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News stories tagged with "botany"

Bumblebee pollinating blueberries. Photo: <a href="http://www.flickr.com/people/pollinatorsinfo/">Athena Rayne Anderson</a>, CC <a href="http://creativecommons.org/licenses/by-nc-nd/2.0/deed.en">some rights reserved</a>
Bumblebee pollinating blueberries. Photo: Athena Rayne Anderson, CC some rights reserved

Natural Selections: Native pollinators

With the collapse of the population of the European honeybee, introduced to North America in colonial times, many growers are looking for aids in pollinating their crops. But the honeybee may not be the most effective bee. Bumblebees and other native pollinators do a better job on crops like blueberries and cranberries. Martha Foley and Curt Stager discuss.  Go to full article
Burl on a sequoia tree. Photo: <a href="http://www.flickr.com/people/hickstro/">Troy Hicks</a>, CC <a href="http://creativecommons.org/licenses/by-nc-nd/2.0/deed.en">some rights reserved</a>
Burl on a sequoia tree. Photo: Troy Hicks, CC some rights reserved

Natural Selections: Burl wood

Burl wood, the knobs of complex grain that some trees form, is prized by woodworkers for its beauty and utility. What causes wood grain to deviate from the straight and narrow in this way is something of a mystery. Martha Foley and Curt Stager try to untangle the knot.  Go to full article
Some are plants, some not so much. Blanket of brilliant green moss, mounds of reindeer lichens, and conifer saplings growing on smooth rock banks between Blue Ridge and Newcomb. Archive Photo of the Day: Ann Pilcher.
Some are plants, some not so much. Blanket of brilliant green moss, mounds of reindeer lichens, and conifer saplings growing on smooth rock banks between Blue Ridge and Newcomb. Archive Photo of the Day: Ann Pilcher.

Natural Selections: What is a plant?

Mushrooms grow out of the soil like plants, but are fungi. Lichens may look leafy, but they are symbiotic colonies of fungi and algae. Seaweed looks like a plant, but is an algae colony. And Indian Pipe looks like a fungi, but is a plant. Martha Foley and Dr. Curt Stager discuss the ins and outs of botany.  Go to full article
Haircap moss, showing both "generations." Photo: <a href="http://commons.wikimedia.org/wiki/User:Fabelfroh">Kristian Peters</a>, CC <a href="http://en.wikipedia.org/wiki/en:GNU_Free_Documentation_License">some rights reserved</a>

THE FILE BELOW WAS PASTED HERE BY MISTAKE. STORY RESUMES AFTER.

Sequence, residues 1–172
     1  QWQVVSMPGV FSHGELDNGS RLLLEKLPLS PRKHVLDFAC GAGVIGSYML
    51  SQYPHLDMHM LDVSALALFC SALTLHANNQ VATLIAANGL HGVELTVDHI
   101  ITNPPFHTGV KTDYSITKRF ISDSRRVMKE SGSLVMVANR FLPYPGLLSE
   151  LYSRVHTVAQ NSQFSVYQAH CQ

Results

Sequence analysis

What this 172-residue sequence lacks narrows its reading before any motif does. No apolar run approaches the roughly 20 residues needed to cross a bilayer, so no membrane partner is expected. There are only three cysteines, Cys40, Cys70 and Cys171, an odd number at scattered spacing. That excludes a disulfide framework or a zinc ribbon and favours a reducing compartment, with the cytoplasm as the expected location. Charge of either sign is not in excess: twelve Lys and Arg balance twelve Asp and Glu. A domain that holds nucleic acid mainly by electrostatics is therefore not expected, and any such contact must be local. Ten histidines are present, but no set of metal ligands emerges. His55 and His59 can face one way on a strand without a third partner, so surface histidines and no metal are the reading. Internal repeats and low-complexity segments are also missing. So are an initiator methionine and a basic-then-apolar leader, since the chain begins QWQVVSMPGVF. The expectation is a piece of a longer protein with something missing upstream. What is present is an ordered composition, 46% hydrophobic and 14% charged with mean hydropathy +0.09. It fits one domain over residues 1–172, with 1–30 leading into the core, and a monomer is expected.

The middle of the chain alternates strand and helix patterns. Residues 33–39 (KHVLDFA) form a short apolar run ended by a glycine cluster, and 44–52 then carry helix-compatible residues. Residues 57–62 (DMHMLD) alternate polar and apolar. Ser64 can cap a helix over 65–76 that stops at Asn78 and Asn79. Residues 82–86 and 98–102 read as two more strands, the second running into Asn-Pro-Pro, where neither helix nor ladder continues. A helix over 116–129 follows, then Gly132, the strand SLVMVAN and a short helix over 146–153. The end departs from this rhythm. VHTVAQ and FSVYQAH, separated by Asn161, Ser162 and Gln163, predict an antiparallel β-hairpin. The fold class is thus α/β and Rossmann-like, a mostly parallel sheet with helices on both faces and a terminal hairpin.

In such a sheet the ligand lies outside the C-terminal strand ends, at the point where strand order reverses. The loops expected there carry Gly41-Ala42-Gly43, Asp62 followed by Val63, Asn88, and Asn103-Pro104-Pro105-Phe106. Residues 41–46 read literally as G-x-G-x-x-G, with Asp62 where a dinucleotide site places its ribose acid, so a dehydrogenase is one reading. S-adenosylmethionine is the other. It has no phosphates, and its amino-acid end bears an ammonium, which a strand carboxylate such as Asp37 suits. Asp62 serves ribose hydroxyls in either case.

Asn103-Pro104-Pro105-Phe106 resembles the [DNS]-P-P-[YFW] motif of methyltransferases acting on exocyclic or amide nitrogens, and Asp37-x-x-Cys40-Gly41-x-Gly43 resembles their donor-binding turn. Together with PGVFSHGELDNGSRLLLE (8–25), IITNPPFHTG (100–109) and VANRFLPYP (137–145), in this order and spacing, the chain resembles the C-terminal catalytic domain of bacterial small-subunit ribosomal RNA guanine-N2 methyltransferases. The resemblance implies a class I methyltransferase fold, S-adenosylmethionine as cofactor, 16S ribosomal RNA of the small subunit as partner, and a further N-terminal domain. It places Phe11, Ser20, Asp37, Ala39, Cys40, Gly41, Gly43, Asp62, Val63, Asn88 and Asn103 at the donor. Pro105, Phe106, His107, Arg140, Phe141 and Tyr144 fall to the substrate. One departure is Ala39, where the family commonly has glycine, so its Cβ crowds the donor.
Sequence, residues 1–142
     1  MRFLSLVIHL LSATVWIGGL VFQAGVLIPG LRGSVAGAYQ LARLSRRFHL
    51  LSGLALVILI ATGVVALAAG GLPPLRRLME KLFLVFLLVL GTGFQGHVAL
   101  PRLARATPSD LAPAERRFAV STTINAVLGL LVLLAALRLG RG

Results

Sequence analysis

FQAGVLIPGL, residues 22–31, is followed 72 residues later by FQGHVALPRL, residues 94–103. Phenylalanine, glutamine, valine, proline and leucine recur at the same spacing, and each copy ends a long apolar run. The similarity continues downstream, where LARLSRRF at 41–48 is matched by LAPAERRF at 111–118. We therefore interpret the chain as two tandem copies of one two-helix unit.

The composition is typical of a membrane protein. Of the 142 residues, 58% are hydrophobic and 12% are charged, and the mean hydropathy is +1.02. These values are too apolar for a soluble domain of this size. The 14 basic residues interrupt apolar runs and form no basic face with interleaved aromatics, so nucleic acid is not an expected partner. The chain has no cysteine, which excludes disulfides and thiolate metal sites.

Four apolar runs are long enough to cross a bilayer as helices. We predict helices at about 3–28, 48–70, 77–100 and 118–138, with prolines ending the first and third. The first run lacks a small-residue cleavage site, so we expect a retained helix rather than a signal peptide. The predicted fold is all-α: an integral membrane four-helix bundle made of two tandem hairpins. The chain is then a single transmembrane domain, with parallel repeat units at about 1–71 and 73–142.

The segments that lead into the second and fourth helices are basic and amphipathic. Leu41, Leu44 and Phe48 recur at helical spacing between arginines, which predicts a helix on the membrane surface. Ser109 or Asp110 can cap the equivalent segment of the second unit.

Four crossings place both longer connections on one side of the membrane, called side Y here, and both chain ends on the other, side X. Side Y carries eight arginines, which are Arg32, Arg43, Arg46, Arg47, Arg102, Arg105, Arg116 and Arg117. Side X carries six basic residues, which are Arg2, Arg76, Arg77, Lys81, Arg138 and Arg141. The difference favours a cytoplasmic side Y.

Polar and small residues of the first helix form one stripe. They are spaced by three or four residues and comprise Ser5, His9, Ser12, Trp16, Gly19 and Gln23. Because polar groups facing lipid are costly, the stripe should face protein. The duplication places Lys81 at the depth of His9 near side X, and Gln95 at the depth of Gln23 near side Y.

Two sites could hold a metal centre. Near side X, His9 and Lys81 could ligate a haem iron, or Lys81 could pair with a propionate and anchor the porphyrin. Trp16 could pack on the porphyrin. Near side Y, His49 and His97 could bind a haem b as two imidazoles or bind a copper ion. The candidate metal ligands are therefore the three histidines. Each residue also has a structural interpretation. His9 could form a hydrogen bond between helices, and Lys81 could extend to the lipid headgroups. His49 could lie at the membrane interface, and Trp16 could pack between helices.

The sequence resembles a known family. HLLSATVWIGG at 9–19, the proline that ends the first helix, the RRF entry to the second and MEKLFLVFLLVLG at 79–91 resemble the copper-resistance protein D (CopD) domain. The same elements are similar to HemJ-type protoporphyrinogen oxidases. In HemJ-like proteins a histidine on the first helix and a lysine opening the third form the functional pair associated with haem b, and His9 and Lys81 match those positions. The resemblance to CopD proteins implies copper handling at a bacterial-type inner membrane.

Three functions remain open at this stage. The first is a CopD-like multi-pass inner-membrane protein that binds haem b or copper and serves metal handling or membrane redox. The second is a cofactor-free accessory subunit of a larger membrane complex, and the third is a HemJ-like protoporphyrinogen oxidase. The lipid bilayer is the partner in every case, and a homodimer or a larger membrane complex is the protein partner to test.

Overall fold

Haircap moss, showing both "generations." Photo: Kristian Peters, CC some rights reserved

Natural Selections: Alternation of generations

What if people gave birth to puppies, and those puppies in turn gave birth to people? That's similar to what some species, such as haircap moss, do. Each alternate generation has a different form and function. Dr Curt Stager and Martha Foley explore the biological oddity "alternation of generations."  Go to full article
How fluids move in plants.
How fluids move in plants.

Natural Selections: Plant blood

Do plants have blood? How does the human circulatory system compare to that of plants and trees? Martha Foley and Dr. Curt Stager tackle the question.  Go to full article

Natural Selections: Ghosts of Evolution

Dr. Curt Stager and Martha Foley discuss plants that have outlived the animals they co-evolved with.  Go to full article
(Photo: Wikipedia)
(Photo: Wikipedia)

Natural Selections: Poison Ivy

"Leaves of three, let it be." Martha Foley and Dr. Curt Stager talk about poison ivy. They discuss whether it's really an ivy, why we call it "poison," and how humans and animals react differently to the plant.  Go to full article

Natural Selections: Bamboo

This hollow reed, prized for everything from fishing poles to furniture, may grow to tree height, but as Dr Curt Stager and Martha Foley explain, is actually a grass.  Go to full article

Natural Selections: Tree Shapes

Martha Foley and Dr. Curt Stager explain how tree shapes, like our own physical shapes, are determined by both genetics and environment.  Go to full article

Natural Selections: Plant defenses

Plants have a number of ways of defending themselves from predation and parasites. Martha Foley and Curt Stager talk about some of them, including wild tobacco which, in addition to its toxic nicotine content, emits chemicals into the air which repel attackers.  Go to full article

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